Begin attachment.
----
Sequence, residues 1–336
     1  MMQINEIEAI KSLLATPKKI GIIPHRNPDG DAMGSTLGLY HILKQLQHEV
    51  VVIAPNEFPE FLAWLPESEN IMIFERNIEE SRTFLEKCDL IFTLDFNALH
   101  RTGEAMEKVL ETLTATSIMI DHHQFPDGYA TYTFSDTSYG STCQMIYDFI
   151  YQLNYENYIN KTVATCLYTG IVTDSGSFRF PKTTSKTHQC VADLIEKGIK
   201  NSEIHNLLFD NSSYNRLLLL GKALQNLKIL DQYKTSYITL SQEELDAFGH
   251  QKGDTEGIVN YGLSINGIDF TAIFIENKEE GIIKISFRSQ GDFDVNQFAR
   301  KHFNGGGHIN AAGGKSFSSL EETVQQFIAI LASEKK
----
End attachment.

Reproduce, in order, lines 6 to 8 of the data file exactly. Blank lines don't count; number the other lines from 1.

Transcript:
   201  NSEIHNLLFD NSSYNRLLLL GKALQNLKIL DQYKTSYITL SQEELDAFGH
   251  QKGDTEGIVN YGLSINGIDF TAIFIENKEE GIIKISFRSQ GDFDVNQFAR
   301  KHFNGGGHIN AAGGKSFSSL EETVQQFIAI LASEKK